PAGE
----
So I came across this website today.
Here is the form:
Form promises “get free quote now.” And promises a consumer they can compare premiums between “All the Major Carriers.”
Now you already know before I push the button that you’re not going to get a “free quote” from “all the major” anything. But that’s small potatoes compared to the real issue with this website.
So you push the “Get Free Quote Now” button and guess what happens? You see this disclosure–that only pops up AFTER you provide your phone number and hit the button:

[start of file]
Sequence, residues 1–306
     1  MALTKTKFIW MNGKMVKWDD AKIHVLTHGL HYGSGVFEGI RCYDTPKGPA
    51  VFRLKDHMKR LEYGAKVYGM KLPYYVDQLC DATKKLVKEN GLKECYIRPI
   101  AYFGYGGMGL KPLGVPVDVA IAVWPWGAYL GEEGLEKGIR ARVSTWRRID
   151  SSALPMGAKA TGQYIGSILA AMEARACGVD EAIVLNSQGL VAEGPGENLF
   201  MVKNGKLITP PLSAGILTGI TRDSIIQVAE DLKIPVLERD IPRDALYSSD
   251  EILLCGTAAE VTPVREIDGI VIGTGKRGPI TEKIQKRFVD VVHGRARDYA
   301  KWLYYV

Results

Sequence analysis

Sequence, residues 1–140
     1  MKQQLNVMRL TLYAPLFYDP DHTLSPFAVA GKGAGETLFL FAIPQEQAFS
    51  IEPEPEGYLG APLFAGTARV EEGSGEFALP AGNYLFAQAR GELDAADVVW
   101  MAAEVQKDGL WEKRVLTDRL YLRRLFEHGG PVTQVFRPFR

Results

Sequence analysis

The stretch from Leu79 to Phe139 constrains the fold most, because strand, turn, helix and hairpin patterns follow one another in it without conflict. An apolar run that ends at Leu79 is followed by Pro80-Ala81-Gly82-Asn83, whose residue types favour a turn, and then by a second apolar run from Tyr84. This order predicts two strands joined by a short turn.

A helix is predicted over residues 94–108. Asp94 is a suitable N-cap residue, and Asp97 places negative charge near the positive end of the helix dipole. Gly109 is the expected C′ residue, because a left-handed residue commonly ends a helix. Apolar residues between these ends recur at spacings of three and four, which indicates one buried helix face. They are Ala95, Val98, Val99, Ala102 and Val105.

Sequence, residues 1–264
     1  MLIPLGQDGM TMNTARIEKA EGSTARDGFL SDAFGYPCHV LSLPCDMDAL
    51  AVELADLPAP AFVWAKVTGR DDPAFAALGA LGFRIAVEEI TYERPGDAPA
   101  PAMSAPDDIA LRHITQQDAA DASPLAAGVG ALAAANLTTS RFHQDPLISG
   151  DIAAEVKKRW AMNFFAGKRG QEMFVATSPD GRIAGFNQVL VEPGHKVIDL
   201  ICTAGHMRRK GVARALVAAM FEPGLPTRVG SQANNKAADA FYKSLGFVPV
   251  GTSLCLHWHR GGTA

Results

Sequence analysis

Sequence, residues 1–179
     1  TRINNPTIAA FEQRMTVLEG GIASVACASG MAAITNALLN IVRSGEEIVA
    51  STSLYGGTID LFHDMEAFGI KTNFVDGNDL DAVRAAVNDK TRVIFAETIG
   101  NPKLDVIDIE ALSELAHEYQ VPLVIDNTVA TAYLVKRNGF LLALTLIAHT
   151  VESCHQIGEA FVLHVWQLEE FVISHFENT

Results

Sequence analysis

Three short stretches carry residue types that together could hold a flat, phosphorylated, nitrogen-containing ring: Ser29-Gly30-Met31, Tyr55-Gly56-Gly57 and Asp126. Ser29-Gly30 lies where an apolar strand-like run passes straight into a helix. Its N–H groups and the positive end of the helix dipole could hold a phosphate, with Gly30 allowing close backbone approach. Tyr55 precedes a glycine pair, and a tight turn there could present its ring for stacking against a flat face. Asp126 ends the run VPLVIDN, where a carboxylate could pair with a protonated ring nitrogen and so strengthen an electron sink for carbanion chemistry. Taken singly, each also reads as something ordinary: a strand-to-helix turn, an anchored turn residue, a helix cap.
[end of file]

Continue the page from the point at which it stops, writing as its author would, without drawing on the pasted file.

Its a great disclosure. Unfortunately it only displays after the consumer has already hit the “Get Free Quotes Now” button.
You don’t have to be a fortune teller to predict what a court will do with this flow.
This is another example as to why lead buyers need to be paying very close attention to the format and flow of websites–and not just looking at disclosure language. Some publishers apparently think this sort of thing is sufficient to obtain express written consent…
Be careful out there TCPAWorld.